The Victorians, who had a euphemism for everything to do with sexual activity, called prostitutes “daughters of joy”–among other misnomers. This is a story of one such woman, who worked at the Crystal Palace during the heyday of Tombstone, Arizona–and of the murderous path down which her profession led her.
Nobody but God knows her real name, but when she first came to Tombstone she was known as Little Gertie, presumably for her small stature. Later, a customer casually remarked that she had hair the color of the tiny one dollar gold coin with which he bought her services, and Gertie adopted a new name: Gold Dollar.
Under either name, life was hard for Gold Dollar and her sisters in the profession. They worked for long hours for low pay, faced dangerous johns who would beat and disfigure or kill them just for the hell of it, caught terrifying diseases, and turned to alcohol or drugs to alleviate their misery.
Gold Dollar, at least, had one compensation many of her coworkers lacked. Perhaps he bought her services one night, and was kind where others were brutes; perhaps they met in passing, but she fell in love with a newcomer to town named Billy Milgreen, a tinhorn gambler, cheap, showy, not especially lucky–certainly not one of those elegant gentlemen we think of as Old West gamblers in their boxback coats and flat-crowned hats.
Billy seemed to return her affection. She worked at the Crystal Palace, across the street from his preferred gambling establishment–the notorious Bird Cage Theater. The Bird Cage, it’s said, had the highest rollers, the loveliest ladies (who doubled as waitresses and showgirls), the finest imported beers, champagnes, cigars, in the West. It was also a notoriously violent place. Tour guides to this day can show the curious bullet holes in the punched-tin ceiling from gunplay that began at the gambling tables and ended with one or more patrons making that long last trip to Boot Hill outside town.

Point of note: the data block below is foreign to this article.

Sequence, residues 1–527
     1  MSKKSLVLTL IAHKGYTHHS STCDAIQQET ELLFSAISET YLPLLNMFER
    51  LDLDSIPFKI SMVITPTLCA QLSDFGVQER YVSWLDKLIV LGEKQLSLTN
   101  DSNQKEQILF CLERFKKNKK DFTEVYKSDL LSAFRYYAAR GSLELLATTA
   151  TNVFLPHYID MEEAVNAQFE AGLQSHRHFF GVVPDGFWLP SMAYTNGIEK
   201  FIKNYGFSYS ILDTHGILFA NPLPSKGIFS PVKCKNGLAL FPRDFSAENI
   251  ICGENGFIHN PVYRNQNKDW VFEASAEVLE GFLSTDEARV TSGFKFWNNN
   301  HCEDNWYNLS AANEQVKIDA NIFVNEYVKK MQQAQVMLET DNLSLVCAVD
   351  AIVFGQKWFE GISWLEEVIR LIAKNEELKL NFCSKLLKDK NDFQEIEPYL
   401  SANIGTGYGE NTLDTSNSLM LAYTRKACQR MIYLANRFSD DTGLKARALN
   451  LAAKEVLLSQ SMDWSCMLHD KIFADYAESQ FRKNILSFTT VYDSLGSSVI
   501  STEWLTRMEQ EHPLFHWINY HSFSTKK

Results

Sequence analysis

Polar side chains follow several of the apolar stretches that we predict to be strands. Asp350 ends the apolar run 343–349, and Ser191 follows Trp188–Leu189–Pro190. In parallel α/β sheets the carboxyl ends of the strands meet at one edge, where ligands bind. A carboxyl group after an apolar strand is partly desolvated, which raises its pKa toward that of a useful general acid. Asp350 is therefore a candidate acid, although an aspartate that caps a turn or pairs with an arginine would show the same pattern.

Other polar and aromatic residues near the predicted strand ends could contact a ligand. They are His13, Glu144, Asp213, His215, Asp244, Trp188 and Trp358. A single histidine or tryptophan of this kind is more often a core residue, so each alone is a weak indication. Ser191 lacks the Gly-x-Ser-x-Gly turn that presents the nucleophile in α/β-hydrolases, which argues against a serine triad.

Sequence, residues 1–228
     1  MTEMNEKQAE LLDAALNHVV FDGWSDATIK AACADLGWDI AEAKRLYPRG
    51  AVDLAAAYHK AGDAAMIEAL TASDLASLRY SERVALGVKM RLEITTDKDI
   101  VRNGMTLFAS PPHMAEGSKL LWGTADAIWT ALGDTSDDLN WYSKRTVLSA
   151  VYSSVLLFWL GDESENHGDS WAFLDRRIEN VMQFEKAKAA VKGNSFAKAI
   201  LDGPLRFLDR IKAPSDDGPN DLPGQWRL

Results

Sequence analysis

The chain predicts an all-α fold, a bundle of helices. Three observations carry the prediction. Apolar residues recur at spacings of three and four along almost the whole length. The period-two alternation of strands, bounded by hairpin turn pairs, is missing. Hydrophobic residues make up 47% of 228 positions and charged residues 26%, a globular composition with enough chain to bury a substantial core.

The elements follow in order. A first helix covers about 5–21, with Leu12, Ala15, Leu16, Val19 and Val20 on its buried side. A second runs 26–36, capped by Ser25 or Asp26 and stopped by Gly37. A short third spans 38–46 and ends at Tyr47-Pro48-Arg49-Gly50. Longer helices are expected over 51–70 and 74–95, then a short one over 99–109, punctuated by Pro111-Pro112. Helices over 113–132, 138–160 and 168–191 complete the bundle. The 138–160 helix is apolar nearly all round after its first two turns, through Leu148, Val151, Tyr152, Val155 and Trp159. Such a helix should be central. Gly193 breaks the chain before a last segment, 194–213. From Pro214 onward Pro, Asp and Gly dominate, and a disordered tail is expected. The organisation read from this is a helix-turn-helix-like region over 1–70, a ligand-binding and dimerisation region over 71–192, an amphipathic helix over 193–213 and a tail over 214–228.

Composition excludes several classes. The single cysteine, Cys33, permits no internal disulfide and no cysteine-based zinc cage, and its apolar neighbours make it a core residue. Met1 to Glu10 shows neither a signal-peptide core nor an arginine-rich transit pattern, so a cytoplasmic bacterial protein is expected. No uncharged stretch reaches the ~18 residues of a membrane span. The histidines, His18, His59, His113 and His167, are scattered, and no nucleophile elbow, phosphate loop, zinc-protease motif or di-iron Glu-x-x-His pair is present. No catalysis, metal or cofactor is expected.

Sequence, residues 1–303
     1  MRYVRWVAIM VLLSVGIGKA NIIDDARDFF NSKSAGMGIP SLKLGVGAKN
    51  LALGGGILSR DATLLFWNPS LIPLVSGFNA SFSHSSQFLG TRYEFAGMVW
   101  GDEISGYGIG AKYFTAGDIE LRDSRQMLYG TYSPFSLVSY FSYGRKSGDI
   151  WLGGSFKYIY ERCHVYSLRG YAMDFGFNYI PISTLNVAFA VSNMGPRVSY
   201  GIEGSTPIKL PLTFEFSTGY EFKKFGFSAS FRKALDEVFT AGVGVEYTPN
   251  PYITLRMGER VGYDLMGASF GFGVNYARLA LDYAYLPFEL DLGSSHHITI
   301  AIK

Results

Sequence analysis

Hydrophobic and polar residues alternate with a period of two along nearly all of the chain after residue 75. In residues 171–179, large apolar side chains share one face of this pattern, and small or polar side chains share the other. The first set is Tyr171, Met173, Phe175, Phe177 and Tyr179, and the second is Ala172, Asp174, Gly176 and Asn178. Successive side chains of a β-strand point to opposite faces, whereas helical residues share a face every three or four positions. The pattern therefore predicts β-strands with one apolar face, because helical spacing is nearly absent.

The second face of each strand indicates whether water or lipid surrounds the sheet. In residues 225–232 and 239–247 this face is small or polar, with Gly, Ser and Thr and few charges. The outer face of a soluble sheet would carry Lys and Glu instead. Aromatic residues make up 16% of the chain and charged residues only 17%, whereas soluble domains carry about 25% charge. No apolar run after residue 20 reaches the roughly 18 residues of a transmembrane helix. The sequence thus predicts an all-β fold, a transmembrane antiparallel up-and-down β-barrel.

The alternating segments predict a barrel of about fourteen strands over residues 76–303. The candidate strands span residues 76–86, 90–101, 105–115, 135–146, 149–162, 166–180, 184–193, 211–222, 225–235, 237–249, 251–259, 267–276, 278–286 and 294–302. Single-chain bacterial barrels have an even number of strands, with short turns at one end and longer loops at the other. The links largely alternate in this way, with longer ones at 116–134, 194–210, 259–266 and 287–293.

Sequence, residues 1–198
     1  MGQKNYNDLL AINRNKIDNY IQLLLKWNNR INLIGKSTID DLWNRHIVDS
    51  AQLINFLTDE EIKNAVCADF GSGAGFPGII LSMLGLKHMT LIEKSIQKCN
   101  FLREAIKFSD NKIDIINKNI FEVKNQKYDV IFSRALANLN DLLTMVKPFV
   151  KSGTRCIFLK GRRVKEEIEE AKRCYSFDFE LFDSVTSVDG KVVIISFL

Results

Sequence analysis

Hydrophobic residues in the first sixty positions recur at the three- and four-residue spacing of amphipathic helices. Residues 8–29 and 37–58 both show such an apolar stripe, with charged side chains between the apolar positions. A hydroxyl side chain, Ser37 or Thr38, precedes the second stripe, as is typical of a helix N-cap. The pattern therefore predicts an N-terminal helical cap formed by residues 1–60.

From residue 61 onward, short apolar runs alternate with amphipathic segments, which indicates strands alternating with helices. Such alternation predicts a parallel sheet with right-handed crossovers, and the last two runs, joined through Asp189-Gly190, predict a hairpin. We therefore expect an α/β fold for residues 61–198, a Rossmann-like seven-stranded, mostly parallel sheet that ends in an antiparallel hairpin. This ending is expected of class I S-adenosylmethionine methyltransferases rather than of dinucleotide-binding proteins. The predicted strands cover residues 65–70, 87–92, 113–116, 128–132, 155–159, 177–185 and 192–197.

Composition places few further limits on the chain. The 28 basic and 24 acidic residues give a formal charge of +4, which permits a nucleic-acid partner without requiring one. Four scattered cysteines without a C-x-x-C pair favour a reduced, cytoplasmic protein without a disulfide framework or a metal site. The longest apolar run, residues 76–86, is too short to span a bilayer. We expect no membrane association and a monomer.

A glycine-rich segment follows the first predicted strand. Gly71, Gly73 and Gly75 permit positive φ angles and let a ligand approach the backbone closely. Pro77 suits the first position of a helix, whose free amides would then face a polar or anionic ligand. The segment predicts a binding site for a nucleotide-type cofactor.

When Gold Dollar was between customers at the Crystal Palace, she would often sneak across the street to spend a minute with Billy, who could usually be found at the faro table. A quick kiss, perhaps, and thus reassured she would go back to work, dreaming of a day when they could leave town together, leave the sporting life for good.
By all accounts all was well with Gold Dollar and Billy until the day a gorgeous Mexican prostitute known only as Margarita came to Tombstone. She found immediate employment at the Bird Cage. She also found something else; she fell madly in love with tinhorn Billy Milgreen, and lost no time in setting out to take him away from Gold Dollar. Billy may not have reciprocated, per se, but neither did he reject her advances.
Gold Dollar had friends among the girls at the Bird Cage, who kept her apprised of every flirtatious flattery and flagrant familiarity with which Margarita favored Billy. Gold Dollar’s visits to Billy, now spurred by jealousy, increased in number. God forbid that Billy was at fault; it was all that slut’s doing! On one such visit she let Margarita know, in no uncertain terms, that Billy was her man, and if Margarita didn’t back off, Gold Dollar would cut her heart out.
Margarita didn’t take the tiny blonde seriously. She was tall and strong, much bigger than Gold Dollar; how could the little twit possibly harm her?